The closure of Highway 4 on Wednesday, when rain compromised adjacent slopes, underscores recent talk about establishing an alternative route linking west coast communities to the rest of the Island.
The highway has been an issue for travellers and the passage of goods since June, when a wildfire at the Cameron Lake Bluffs led to its closing due to the danger posed by falling debris. That was followed by the creation of a detour route on forest and industrial roads between Port Alberni and Lake Cowichan, via the Bamfield area, but it is long and sometimes challenging for drivers.
The next step was opening a single highway lane to allow alternating traffic to get through. The lane has been subject to periodic closing to allow workers to do rock scaling — the removal of loose rocks — on the slopes affected by the fire.
The province has said it aims for a full reopening of Highway 4 around mid-month.
The Alberni Clayoquot Regional District made a move in late July by deciding to establish a transportation committee to look at another route, as well as other transportation issues.
Regional district board vice-chair Debbie Haggard, who is also a Port Alberni councillor, said Wednesday that transportation concerns “are very top-of-mind right now for everyone.”
She said the regional district had a similar committee several years ago that looked specifically at the Horne Lake Connector as a second route. The connector runs north from Port Alberni and around Horne Lake before intersecting with Highway 19 north of Qualicum.
It is narrow and not passable for all types of vehicles, but has been used at times by the B.C. Wildfire Service to reach certain locations.
Both the regional district and the province did studies that concluded the route wasn’t economically feasible at the time, Haggard said.
With the current situation on Highway 4, she said, the regional district has determined “that they need to bring the transportation committee back and re-look at the Horne Lake Connector or another alternate route.”
“It doesn’t necessarily have to be the Horne Lake Connector, but whatever is the best route and also the one that will be economically viable for the provincial government to do.”
A regional district report said that the committee’s work could take in transportation options that include an alternative route “in and out of the Alberni Valley, the Bamfield Road, the Bamfield/Cowichan route and route to the west coast.”
Part of the committee’s role will be to advocate to the province that steps need to be taken, Haggard said.
She said the existing detour route via the Bamfield area was “a good alternative” after the problems with Highway 4 emerged so quickly in the wake of the wildfire.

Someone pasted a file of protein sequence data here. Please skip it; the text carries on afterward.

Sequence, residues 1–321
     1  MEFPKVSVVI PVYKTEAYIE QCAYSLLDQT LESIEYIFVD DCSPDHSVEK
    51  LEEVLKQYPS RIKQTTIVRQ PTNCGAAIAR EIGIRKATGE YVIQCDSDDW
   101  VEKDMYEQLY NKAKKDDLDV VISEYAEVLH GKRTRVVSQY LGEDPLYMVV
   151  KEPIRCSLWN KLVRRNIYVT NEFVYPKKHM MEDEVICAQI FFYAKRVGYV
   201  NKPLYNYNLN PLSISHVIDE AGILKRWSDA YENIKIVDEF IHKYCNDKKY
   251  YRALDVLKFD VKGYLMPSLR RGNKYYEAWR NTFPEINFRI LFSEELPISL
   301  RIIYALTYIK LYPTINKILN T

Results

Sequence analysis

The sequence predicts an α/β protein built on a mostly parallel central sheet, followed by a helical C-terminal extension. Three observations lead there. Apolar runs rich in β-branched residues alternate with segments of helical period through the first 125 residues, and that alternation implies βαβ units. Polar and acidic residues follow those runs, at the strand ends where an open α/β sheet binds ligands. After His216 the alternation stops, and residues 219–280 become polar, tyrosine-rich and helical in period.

“But it’s not a long-term solution,” she said. “If you’re not familiar with that road, it’s not the best route to take.”
Haggard said it takes four hours to complete and is best-suited to four-wheel drives or pickup trucks, but it played a crucial role in getting supplies to west coast communities when the highway problems began. It was used by about 1,000 vehicles a day, then went down to 100 a day when the single-lane option was put in place on Highway 4.
Ucluelet Mayor Marilyn McEwen, also a board member, said she is behind the formation of the committee, as well.
“We’re not the only community that just has one road in and out, but it does really isolate us when things like [the Highway 4 closures] happen,” she said. “I hope the province does something to help us get a second route in.”
Jenny Brunn, the district’s general manager of community services, said the committee’s inaugural meeting is set for October, when a budget for its activities will be considered. She said the plan is to have three regional district directors involved, along with representatives from First Nations and chambers of commerce, the Ministry of Transportation and such businesses as Tsawak-qin Forestry, Mosaic Forest Management and Paper Excellence.
The Ministry of Transportation said in a statement that it will be pleased to be part of the regional district’s efforts to address its concerns.
“The ministry regularly works with local governments and Indigenous communities on transportation planning, including options for safest travel to keep goods, services and people moving in an area,” the statement said. “The recent wildfire along Highway 4 emphasized the importance of ensuring our highway network is resilient and reliable, both now and in the future.
“We know our highways and side roads are often the sole means of transport for rural and Indigenous communities, and we are always considering detour routes or other options for communities at risk of being cut off due to fires or natural disasters.”
The ministry’s work on Highway 4 has included projects such as the one that improved the area around Kennedy Hill, the statement said.
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